CASE NO. 4550


Heard in Montreal, April 13, 2017













            The Corporation’s unilateral discontinuation of punch clock premiums for certain employees in the Maintenance Centers across Country.  




            The Union maintains the Corporation is in violation of Article 27.13 of collective agreement #1.

            On February 21, 2013, the Corporation provided the Union with an alleged estoppel notice regarding Article 27.13, of collective agreement #1 which stated:

            “This will serve as an estoppel notice that the Corporation intend to revert to the strict application of Article 27.13 of collective agreement #1 regarding the payment of punch clock premium.”

            The Union took the position that the Corporation was applying the proper and strict application of the Article from the start and that the estoppel could not alter the language of Article. Therefore, it would take contract language changes to allow the Corporation to discontinue the punch clock premiums which was not achieved. The provision of Article 27.13 of collective agreement #1 remains the same.

            Effective October 10, 2013, the Corporation unilaterally discontinued the punch clock premiums for employees that did not have the premium rolled into their base rate of pay. The Union filed a grievance alleging a violation of the collective agreement and requested that the premiums be reinstated for all affected employees including those that did not have the premium rolled into their base rate of pay.

            The Corporation declined the grievance.


FOR THE UNION:                                         FOR THE COMPANY:

(SGD.) R. J. Fitzgerald                                 (SGD.)

National Staff Representative


There appeared on behalf of the Company:

W. Hlibchuk                         – Counsel, Norton Rose Fulbright, Montreal

M. Boyer                              – Senior Labour Relations Advisor, Montreal

B. Blair                                 – Labour Relations Advisor, Montreal

G. Sarazin                           – Labour Relations Advisor, Montreal


And on behalf of the Union:

R. J. Fitzgerald                    – National Staff Representative, Toronto   

D. Andru                              – Secretary Treasurer, Toronto

B. Kennedy                          – President, Edmonton

W. Gajda                             – Regional Representative, Mississauga




Nature of the Case


1.            Unifor contested VIA’s decision to stop paying punch clock premiums to Maintenance Center employees. For several years after replacing punch clocks with a swipe system, VIA had nonetheless continued to pay employees punch clock premiums. During collective bargaining, VIA served Unifor with an estoppel notice indicating it would in the future apply the collective agreement’s wording.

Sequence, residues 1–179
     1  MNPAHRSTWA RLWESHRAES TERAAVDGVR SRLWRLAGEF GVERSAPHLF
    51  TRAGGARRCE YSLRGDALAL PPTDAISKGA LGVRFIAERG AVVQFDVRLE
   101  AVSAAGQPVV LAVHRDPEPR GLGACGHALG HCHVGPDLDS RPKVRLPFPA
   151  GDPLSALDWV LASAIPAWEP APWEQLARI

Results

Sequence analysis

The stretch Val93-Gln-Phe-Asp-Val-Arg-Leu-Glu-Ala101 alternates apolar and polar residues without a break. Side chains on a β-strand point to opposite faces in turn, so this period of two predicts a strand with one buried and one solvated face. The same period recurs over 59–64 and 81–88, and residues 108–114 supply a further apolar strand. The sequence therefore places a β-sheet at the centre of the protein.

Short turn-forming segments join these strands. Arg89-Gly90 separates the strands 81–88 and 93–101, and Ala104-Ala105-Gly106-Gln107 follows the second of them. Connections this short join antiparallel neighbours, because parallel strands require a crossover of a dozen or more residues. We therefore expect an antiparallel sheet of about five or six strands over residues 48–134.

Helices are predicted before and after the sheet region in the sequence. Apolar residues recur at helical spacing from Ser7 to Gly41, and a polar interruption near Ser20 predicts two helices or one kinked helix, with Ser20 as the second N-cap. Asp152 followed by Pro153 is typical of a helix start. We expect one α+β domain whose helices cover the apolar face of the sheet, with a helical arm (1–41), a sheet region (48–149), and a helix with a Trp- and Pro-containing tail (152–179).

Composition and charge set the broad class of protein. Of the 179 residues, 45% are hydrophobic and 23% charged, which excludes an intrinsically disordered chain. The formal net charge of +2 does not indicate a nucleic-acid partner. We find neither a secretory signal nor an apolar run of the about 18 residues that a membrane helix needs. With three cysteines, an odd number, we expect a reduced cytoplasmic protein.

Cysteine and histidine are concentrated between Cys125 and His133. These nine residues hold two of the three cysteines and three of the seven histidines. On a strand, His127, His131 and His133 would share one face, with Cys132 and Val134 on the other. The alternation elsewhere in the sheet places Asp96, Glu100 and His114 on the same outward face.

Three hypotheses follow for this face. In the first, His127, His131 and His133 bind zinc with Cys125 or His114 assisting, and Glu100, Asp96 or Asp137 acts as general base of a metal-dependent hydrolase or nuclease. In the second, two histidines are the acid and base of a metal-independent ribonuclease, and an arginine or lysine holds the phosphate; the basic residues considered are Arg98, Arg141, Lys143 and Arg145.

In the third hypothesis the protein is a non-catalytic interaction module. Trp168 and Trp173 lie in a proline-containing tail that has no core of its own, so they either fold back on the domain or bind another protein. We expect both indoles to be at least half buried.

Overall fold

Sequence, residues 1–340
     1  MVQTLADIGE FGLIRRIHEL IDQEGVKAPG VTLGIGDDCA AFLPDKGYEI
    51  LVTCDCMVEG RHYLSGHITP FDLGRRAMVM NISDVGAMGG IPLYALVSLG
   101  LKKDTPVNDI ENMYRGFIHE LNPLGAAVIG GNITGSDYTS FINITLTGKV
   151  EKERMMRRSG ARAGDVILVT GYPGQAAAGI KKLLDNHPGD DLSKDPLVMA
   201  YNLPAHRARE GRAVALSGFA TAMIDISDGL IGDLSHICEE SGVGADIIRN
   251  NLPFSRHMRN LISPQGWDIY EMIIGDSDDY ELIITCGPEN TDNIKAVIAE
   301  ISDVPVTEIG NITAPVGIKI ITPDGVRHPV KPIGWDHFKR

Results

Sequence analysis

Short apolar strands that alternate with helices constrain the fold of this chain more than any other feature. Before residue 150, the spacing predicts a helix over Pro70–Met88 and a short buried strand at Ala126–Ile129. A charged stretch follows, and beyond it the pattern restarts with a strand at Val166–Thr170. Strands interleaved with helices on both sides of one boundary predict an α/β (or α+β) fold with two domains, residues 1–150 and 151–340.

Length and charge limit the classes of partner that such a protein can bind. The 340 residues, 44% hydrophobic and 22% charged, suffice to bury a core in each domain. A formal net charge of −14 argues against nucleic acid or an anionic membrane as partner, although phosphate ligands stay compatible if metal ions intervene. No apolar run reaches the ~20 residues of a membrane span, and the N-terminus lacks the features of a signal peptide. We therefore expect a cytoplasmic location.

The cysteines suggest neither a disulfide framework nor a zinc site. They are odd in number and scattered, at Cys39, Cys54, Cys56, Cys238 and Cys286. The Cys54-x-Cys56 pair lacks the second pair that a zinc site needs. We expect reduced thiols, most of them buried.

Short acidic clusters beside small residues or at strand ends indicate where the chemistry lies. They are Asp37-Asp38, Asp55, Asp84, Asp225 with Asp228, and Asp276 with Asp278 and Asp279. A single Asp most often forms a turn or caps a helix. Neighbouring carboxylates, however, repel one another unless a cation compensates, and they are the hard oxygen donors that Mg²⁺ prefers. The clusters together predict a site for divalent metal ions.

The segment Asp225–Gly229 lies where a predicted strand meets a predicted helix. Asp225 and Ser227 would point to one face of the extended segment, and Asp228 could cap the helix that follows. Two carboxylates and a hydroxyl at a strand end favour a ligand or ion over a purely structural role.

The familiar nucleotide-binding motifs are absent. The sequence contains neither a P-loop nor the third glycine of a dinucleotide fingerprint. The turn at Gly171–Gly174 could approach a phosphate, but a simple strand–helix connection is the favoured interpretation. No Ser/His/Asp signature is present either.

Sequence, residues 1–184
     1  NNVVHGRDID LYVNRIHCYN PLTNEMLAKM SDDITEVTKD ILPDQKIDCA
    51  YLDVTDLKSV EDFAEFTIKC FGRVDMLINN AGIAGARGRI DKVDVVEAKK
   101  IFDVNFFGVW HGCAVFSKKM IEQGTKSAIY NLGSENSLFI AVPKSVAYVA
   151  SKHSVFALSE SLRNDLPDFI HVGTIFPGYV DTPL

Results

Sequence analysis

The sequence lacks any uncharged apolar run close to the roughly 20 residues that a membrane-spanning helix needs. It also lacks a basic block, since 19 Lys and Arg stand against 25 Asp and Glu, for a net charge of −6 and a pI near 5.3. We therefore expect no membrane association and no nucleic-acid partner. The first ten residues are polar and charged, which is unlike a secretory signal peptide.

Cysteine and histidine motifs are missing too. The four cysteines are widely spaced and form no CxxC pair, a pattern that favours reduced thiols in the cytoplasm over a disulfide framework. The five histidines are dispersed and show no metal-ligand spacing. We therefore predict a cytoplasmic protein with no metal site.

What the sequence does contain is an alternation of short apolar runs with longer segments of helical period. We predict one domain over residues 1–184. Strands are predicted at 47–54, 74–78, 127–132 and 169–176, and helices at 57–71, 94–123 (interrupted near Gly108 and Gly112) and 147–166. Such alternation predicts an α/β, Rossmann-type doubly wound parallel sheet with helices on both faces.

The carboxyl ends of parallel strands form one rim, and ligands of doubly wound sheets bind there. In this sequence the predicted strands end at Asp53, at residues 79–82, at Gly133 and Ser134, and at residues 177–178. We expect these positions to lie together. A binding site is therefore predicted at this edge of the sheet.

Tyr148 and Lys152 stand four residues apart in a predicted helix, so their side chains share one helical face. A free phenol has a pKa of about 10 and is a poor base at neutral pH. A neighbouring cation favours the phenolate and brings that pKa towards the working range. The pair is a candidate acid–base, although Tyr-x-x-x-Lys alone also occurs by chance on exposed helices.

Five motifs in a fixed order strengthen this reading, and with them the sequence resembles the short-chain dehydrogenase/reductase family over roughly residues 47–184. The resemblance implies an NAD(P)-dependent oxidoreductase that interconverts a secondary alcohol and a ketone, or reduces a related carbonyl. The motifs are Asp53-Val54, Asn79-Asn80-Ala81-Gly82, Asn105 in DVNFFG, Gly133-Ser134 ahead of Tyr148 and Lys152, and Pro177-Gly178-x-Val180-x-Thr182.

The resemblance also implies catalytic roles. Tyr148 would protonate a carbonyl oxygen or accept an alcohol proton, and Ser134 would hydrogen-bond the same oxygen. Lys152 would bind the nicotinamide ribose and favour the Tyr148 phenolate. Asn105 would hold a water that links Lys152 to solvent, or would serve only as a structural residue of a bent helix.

2.            For the reasons which follow, the arbitrator has concluded that VIA served a valid estoppel notice during collective bargaining. Following the conclusion of a new collective agreement, VIA was entitled to apply that contract’s wording. That punch clock specific wording did not entitle employees to a premium.




3.            A punch clock premium has long formed part of the parties’ collective agreement. Article 27.13 reads:

Employees required to punch clocks in and out and make service cards on their own time will be allowed a bonus of one minute per hour. This article is not applicable to hourly rated employees in the Equipment Maintenance Facilities who have had this allowance incorporated into their basic rate of pay.



4.            In 2009, VIA implemented the Ulysses System, a swipe card system, at its Maintenance Centres. The swipe card provided some of the information VIA had previously obtained from punch clocks, and also improved security access.


5.            VIA suggested that, following the introduction of the swipe card system, it had from 2009 to 2013 inadvertently continued to pay the punch clock premium. Unifor contested the suggestion of inadvertence and argued that VIA paid the premiums because they were owing under the clear wording of the collective agreement.


6.            On February 21, 2013, during collective bargaining, VIA sent Unifor an estoppel notice:

This letter will serve as an estoppel notice that the corporation intends to revert to the strict application of article 27.13 of the Collective Agreement #1 regarding payment of a punch clock premium.


7.            The purpose of an estoppel notice is to allow the other party to negotiate the issue during existing collective bargaining. The process is not dissimilar to technological change provisions which allow the parties, during the term of a collective agreement, to negotiate about the impact of those changes.


8.            The parties signed a new collective agreement on August 27, 2013. Commencing on October 10, 2013, VIA ceased to pay any further punch clock premiums to Maintenance Center employees.


Analysis and Decision